Eight Bank of America Corp. executives were subpoenaed by New York Attorney General Andrew Cuomo, adding pressure on the bank to settle a probe of auction-rate securities, said a person familiar with negotiations.

Cuomo's office sent the subpoenas yesterday and today, the person said. Bank of America also must settle with Massachusetts or face legal action, Secretary of State William Galvin said yesterday.

UBS AG, Citigroup Inc., Morgan Stanley, JPMorgan Chase & Co., Wachovia Corp., Merrill Lynch & Co., Goldman Sachs Group Inc. and Deutsche Bank AG all settled claims in the last month that they fraudulently marketed the long-term securities as cash equivalents. The $330 billion market collapsed in February, leaving thousands of investors unable to sell auction-rate securities.

"We don't comment on whether we receive subpoenas or not," Bank of America spokeswoman Shirley Norton said today. She has said the bank is cooperating with regulators and doesn't comment on communications with them.

Reuters reported earlier today that Cuomo was issuing subpoenas to "several" Bank of America executives as part of his probe of auction-rate securities.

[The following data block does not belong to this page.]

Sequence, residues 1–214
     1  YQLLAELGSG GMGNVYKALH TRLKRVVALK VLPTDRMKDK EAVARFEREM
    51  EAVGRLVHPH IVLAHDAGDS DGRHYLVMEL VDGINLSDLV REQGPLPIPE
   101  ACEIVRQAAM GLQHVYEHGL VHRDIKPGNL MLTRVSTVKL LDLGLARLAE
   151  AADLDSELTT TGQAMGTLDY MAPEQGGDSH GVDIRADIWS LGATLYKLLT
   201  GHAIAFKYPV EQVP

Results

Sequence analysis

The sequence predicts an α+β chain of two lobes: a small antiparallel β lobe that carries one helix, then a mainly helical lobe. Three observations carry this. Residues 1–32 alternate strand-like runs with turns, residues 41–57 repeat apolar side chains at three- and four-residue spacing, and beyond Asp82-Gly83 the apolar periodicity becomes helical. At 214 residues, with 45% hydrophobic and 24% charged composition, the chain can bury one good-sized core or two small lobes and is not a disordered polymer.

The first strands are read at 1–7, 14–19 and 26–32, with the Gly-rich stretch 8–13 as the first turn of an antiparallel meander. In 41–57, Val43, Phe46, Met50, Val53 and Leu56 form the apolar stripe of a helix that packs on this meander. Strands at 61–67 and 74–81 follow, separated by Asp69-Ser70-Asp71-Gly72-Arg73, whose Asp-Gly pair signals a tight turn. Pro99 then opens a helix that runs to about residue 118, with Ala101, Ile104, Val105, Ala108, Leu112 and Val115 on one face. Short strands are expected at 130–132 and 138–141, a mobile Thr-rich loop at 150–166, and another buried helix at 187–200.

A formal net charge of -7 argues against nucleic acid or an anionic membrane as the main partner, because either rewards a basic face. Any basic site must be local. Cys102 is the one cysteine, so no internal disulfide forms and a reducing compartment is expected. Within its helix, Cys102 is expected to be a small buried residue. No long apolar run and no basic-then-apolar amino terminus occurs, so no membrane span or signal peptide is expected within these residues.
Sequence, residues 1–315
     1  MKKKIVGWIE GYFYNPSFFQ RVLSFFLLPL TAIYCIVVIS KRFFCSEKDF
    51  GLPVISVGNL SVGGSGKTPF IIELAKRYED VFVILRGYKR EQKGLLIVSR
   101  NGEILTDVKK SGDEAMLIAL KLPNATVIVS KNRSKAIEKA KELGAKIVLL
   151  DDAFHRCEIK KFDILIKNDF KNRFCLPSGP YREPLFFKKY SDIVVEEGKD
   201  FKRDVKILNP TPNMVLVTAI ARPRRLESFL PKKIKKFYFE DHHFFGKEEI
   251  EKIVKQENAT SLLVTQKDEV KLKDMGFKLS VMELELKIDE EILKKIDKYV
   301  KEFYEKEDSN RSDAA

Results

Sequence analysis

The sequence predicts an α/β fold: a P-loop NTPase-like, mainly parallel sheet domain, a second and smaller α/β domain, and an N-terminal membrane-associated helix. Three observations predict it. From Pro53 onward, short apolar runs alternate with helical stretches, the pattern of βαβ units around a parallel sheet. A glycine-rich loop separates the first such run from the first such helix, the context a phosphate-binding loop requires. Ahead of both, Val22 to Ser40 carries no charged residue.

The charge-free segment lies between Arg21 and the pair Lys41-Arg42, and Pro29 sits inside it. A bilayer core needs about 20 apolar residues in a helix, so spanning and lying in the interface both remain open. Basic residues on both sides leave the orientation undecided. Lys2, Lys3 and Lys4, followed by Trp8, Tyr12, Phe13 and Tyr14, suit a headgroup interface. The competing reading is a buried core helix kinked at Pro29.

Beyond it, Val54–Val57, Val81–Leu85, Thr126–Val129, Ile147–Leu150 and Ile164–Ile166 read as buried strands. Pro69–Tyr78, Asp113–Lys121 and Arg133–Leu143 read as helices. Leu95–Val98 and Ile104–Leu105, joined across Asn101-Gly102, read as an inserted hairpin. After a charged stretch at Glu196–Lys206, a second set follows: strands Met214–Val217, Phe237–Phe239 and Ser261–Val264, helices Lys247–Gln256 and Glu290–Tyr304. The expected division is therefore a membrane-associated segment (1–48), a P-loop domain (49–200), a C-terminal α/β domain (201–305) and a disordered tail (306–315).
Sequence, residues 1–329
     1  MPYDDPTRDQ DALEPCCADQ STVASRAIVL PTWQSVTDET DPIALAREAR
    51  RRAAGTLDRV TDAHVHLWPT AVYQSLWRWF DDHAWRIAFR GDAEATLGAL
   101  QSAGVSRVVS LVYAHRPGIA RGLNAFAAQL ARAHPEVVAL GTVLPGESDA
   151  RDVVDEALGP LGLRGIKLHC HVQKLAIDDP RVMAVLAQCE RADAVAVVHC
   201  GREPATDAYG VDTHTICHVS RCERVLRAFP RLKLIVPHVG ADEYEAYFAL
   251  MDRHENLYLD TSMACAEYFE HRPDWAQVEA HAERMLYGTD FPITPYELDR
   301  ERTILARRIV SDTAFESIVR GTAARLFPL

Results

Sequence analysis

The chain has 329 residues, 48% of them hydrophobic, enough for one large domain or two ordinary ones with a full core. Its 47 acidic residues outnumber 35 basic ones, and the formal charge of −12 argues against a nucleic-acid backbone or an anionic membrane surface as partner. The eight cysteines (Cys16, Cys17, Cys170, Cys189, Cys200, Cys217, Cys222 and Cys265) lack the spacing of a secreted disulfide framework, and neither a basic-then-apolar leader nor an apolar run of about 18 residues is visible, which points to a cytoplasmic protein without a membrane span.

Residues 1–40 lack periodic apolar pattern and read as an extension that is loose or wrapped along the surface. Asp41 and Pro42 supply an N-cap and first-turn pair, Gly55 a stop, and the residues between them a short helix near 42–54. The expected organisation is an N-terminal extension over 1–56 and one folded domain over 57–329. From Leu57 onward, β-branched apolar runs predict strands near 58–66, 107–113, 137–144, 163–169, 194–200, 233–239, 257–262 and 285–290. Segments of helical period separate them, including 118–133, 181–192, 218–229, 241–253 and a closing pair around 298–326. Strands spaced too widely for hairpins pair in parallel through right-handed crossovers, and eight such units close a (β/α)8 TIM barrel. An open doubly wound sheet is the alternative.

Galvin, leading a 12-state task force in the Bank of America investigation, said yesterday his office has been unable to complete a settlement after negotiating with the Charlotte, North Carolina-based bank. Cuomo has said he, too, seeks an agreement with the bank, one of the largest underwriters of auction-rate securities.

The eight banks that settled agreed to buy back a total of at least $44 billion of the securities from individuals, nonprofits and small businesses and help their institutional clients find markets for the debt. They also agreed to pay fines totaling more than $520 million to state and federal regulators.

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